From Monday, Oct. 28 to Wednesday, Oct. 30, University of Winnipeg (U of W) students will have the chance to vote in the University of Winnipeg Students’ Association (UWSA) byelection.
The following positions are on the ballot: community liaison director, education director, director of student living, LGBT* director, PACE director, part-time/mature students’ director, women and non-binary students’ director and board of regents representative.
Elections such as these are one of the many ways students can get involved in campus life.
Leia Patterson is vice-president of the U of W Political Science Students Society (PSSS). This registered student group organizes events and advocates for its students. Patterson believes that participation in campus elections is how students make their concerns heard.
“Participating in elections is how we let governments and universities know what we as students need and want to be addressed,” she says in an email to The Uniter. Patterson is an undergraduate student studying political science and rhetoric, writing and communications.
Like many students, Patterson can name specific issues she would like to see addressed.
“I think the climate emergency should continue to be at the top of the agenda,” she says.
Gord Mackintosh, a U of W instructor and former MLA, says he always encourages students to get involved in the university political process.
“Student elections and, later, working with others on a council teach many lifelong leadership skills,” he says in an email to The Uniter, specifically “problem-solving, forging relationships for a common cause and the importance of strong communications.”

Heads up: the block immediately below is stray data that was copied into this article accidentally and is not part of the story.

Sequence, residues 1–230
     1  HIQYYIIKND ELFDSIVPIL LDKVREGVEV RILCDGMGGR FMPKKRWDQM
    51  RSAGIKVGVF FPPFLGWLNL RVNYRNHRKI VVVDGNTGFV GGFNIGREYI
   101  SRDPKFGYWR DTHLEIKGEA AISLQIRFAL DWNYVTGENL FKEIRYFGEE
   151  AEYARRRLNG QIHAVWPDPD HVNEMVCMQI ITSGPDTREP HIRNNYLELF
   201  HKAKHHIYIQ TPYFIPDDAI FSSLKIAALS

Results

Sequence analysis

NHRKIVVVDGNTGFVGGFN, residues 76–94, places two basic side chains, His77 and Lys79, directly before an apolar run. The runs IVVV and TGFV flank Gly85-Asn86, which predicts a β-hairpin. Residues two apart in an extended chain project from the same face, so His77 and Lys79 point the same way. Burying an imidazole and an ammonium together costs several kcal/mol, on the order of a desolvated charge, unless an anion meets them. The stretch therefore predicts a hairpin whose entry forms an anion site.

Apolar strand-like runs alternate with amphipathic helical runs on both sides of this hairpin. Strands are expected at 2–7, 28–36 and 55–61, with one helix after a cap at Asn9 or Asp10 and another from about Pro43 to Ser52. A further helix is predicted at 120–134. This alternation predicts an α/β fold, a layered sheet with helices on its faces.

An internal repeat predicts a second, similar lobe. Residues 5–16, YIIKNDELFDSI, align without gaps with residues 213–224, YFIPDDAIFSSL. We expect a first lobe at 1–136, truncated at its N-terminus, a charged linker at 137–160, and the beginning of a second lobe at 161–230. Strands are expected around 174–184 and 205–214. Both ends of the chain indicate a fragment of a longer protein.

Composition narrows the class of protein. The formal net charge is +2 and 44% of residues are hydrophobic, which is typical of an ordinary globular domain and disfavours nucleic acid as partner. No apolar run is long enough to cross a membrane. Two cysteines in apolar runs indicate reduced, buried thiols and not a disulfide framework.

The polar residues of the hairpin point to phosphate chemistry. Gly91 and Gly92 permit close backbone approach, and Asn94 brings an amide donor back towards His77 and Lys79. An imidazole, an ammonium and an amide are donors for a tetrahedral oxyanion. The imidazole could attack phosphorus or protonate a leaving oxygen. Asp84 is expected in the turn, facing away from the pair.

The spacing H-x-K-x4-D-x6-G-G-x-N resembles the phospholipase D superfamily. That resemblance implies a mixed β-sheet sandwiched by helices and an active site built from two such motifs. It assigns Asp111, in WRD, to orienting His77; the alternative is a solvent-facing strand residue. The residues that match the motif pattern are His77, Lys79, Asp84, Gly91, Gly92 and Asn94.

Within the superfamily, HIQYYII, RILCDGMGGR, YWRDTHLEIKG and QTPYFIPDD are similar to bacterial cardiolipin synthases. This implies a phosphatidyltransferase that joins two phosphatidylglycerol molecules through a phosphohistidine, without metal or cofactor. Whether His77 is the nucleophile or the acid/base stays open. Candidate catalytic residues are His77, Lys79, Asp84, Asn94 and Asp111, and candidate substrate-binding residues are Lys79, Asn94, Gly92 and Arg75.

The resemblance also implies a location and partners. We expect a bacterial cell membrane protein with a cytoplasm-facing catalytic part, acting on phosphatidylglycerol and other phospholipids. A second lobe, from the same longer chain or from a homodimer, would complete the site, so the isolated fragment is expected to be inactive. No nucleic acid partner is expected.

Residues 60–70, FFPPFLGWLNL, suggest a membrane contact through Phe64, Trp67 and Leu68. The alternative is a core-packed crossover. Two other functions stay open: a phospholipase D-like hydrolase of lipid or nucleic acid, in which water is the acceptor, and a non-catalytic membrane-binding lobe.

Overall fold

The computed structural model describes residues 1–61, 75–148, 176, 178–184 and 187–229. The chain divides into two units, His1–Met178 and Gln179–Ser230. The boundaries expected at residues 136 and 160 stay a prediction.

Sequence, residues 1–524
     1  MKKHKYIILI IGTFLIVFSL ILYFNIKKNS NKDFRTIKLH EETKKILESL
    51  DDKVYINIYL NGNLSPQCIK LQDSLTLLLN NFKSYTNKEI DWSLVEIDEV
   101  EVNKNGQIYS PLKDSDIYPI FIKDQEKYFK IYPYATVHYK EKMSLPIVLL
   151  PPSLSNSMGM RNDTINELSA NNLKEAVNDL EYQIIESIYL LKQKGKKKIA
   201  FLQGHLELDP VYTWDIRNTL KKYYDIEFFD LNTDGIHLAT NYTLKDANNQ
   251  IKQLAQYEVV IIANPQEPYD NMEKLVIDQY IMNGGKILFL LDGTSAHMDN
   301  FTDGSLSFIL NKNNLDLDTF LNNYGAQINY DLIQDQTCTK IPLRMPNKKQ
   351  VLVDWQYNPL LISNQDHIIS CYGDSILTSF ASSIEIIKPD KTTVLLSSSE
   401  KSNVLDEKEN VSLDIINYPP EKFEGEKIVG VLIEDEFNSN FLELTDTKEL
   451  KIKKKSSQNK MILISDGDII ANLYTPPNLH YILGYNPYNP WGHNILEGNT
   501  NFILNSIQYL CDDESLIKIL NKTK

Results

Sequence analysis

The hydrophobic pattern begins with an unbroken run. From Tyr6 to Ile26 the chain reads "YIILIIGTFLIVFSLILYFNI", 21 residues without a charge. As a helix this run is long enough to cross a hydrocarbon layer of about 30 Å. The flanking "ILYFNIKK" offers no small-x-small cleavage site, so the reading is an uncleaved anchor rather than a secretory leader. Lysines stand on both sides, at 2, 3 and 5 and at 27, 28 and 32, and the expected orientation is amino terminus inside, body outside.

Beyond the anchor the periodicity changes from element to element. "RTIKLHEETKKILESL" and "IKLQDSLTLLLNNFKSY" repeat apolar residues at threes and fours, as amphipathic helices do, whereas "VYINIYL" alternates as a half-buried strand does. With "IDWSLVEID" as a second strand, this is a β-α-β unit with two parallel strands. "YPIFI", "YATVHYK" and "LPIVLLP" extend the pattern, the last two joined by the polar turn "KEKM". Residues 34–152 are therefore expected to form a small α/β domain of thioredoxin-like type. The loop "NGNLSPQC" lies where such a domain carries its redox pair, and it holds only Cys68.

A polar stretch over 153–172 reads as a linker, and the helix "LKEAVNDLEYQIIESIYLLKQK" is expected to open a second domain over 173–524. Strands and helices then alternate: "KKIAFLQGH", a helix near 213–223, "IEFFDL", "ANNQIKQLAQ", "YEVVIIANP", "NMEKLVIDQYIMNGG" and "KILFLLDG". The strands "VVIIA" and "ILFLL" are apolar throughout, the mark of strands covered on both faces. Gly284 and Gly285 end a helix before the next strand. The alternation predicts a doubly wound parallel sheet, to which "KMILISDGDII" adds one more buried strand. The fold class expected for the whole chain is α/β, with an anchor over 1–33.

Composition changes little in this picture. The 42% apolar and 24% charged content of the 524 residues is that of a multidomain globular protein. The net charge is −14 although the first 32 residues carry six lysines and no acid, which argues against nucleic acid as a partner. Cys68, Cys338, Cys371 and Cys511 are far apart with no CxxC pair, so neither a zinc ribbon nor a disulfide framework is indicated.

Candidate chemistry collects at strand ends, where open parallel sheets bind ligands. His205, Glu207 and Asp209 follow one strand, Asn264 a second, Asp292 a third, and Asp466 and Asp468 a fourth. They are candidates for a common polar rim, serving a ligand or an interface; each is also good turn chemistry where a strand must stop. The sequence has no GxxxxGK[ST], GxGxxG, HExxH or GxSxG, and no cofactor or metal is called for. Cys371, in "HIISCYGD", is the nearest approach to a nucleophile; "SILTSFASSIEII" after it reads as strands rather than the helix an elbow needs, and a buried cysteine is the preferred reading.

In recent elections, however, voter turnout has been extremely low. In the 2018 UWSA byelection, only 4.15 per cent of eligible voters cast a ballot.
Patterson explains why she thinks turnout is so low.
“Whether it’s from disinterest or being unaware, I’ve found that people aren’t aware of UWSA elections until they’re over, if they notice at all,” she says.
For her, “being aware of elections and student events comes with being more engaged on campus through student groups and initiatives.”
“Either as a voter or a candidate, participating in student government is a way to have our voices heard and make sure student issues are being brought to the table,” she says.
“Having an active student body shows that students are taking initiative, want to be included in the conversation, and are listening to what’s happening in the world around them,” she says, noting that “university life is more than just coming to class.”
Mackintosh agrees with Patterson. He encourages all students to get involved on campus.
“Service to others is a high calling,” he says, “and I know many student leaders who went on to serve in politics.”
“Go for it.”
Polls for the UWSA byelection will be open from Oct. 28 to 30 in Centennial Hall (right in front of the escalators), the Richardson Centre and the Buhler Centre from 9 a.m. to 6 p.m. There will also be voting at the Wii Chiiwaakanak Centre on Oct. 29 from noon to 4 p.m. and at Merchant’s Corner on Oct. 30 from noon to 4 p.m. For more information on the UWSA byelection, visit theuwsa.ca.